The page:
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The cloisters

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Highland cattle

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The ship has just passed Staffa and Fingal’s Cave.  Here is a picture taken on a bright sunny day!

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Isle of Man

We docked in Douglas and were transferred by coach to the train station.  Here we boarded a steam train which took us to Port Erin.  On the journey we were served local ales, a slate of local starters, a main course of three meats and vegetables followed by five local cheeses. We were eating for most of the journey.

Transferred by coach from Port Erin we stopped briefly at Castletown, before returning to Douglas.

Next we boarded a horse drawn tram which carried us along the seafront and back to the ship terminal.

It was an adventurous return to Silver Cloud.  We had been pleased that tenders were considered safe and used instead of the zodiaks.  However on return to the ship it took ten minutes to dock the tender safely before we could be transferred back on board.

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Castle at Castletown

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Harbour at Castletown

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Preparations for the TT Races

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Silver Cloud off the Prom

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Electric tram

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Horse drawn tram

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Meeting Charlie

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Dublin

We woke up to find ourselves in the capital of Ireland with the huge cruise ship which sailed past us last night lying ahead of us.  This was the end of the first cruise, we remain on board for the return to London.  There is a large change over of passengers and some crew members as well.

We took a tour into the city and spent much time in St.Patrick’s Anglican Cathedral, the national cathedral, whereas Christchurch is the Diocesan Cathedral, Church of Ireland.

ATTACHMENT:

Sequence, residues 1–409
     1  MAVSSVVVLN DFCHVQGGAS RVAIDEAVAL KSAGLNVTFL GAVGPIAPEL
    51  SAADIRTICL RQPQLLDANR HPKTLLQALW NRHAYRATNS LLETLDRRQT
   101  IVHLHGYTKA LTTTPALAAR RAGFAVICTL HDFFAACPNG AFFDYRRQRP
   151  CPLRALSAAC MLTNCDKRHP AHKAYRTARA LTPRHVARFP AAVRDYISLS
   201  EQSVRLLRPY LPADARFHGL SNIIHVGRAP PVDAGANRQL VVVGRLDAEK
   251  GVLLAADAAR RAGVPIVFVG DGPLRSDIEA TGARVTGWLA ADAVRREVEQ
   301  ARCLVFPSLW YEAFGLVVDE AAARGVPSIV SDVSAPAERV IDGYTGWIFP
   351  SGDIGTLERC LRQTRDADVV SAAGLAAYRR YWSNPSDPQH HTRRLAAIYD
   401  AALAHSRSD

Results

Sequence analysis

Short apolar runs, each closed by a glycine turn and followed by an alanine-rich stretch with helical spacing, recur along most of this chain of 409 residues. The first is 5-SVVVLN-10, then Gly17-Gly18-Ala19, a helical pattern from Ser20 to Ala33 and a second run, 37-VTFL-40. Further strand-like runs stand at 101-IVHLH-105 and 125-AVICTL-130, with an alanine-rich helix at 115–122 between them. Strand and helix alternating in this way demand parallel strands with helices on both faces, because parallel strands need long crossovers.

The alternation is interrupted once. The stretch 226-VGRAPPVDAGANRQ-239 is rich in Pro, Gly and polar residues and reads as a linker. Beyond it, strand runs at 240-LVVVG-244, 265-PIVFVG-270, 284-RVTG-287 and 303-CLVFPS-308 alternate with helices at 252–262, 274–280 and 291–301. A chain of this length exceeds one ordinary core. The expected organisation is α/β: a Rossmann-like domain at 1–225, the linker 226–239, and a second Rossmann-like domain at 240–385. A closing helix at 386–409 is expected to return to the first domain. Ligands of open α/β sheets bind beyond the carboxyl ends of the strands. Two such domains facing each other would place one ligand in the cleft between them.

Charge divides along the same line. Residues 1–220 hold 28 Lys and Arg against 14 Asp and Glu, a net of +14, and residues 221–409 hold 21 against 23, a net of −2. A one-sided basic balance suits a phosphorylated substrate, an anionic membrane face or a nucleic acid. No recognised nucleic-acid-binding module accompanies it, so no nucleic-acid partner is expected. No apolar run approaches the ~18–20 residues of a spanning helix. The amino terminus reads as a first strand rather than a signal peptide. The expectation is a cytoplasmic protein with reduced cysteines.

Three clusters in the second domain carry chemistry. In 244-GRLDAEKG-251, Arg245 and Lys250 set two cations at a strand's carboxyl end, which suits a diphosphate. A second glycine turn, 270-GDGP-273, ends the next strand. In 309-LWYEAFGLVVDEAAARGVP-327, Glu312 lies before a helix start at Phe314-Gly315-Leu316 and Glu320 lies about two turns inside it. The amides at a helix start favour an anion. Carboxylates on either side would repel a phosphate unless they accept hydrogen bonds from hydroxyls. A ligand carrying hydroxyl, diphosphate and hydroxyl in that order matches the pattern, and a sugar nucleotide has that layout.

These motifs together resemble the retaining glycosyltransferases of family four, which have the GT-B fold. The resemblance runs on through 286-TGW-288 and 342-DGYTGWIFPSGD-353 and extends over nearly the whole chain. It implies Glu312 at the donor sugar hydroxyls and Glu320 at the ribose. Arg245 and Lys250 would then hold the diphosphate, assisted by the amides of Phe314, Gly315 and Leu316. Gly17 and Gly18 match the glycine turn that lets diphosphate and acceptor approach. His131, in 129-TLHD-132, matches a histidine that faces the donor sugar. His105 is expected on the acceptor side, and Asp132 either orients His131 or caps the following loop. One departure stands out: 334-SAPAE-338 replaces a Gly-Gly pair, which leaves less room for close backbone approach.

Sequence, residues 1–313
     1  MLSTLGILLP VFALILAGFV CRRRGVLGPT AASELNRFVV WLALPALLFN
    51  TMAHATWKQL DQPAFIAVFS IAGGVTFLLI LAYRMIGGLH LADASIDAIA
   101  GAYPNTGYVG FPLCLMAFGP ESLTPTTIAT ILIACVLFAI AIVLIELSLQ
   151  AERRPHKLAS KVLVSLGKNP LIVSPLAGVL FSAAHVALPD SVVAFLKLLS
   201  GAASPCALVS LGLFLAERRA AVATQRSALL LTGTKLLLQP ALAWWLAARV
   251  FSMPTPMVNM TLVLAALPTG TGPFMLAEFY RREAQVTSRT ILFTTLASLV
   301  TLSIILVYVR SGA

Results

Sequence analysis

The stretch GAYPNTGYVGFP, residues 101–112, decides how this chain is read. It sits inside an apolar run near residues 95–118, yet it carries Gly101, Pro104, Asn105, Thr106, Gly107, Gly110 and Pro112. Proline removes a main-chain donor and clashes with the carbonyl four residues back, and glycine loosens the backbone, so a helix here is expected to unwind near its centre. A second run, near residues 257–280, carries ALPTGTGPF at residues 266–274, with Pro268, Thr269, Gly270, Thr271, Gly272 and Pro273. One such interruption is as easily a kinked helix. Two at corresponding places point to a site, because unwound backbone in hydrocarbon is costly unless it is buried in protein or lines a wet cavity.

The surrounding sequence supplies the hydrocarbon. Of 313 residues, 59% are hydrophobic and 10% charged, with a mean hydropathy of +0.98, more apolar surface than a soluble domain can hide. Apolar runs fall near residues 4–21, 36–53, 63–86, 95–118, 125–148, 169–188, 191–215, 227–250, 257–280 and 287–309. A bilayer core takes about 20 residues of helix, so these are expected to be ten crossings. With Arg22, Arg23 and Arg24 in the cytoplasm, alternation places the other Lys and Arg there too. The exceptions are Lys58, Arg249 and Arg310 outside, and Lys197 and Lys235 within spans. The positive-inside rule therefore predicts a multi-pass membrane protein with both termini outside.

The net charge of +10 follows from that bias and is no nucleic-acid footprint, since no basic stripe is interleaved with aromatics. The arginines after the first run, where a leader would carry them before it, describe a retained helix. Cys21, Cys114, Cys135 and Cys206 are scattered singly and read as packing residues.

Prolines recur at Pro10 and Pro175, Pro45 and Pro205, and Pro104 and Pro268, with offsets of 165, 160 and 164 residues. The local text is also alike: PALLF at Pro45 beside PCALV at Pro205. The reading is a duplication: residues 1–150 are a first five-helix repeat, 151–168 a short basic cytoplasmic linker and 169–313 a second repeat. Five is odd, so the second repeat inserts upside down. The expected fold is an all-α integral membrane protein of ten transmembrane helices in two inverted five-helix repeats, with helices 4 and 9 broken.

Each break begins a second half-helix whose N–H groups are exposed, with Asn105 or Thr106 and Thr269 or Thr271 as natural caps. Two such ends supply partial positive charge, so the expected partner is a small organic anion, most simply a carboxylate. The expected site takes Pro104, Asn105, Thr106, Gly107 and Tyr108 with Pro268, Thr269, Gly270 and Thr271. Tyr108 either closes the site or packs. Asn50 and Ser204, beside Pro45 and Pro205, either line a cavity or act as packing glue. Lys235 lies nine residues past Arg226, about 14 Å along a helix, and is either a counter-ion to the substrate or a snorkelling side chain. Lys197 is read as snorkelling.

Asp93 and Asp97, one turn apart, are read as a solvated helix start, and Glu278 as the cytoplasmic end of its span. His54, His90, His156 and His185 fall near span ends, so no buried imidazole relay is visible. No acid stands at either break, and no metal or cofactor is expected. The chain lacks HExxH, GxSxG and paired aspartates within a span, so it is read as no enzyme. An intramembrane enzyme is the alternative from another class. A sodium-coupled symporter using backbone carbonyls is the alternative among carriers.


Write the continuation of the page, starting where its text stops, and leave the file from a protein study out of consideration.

On return we found our captain relaxing over his lunch on the pool deck, as we were.

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Celebrity Eclipse

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St.Patrick’s cathedral

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St.Patrick

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Guiness Window!

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Dean Swift’s travelling pulpit

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Yoga in the park

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Abortion referendum

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Captain at ease

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View from the after deck

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Having arrived in Portrush, our first in Northern Ireland, we found it was calm enough to go ashore in tenders, replacing the bouncy zodiaks.

By coach we proceeded along the spectacular  Antrim Coast to the Giant’s Causeway.  We were among the first arrivals and had a very pleasant viewing with so few people about.  It was very different from our last visit which was on an August afternoon.  David enjoyed an ankle cracking exploration of the basalt columns.

Our next visit was to Dunluce Castle which had its origins 2000 years ago.  The ruined medieval fortified manor house is what can be seen today.  It is a good spot to view the spectacular coastal rock formations.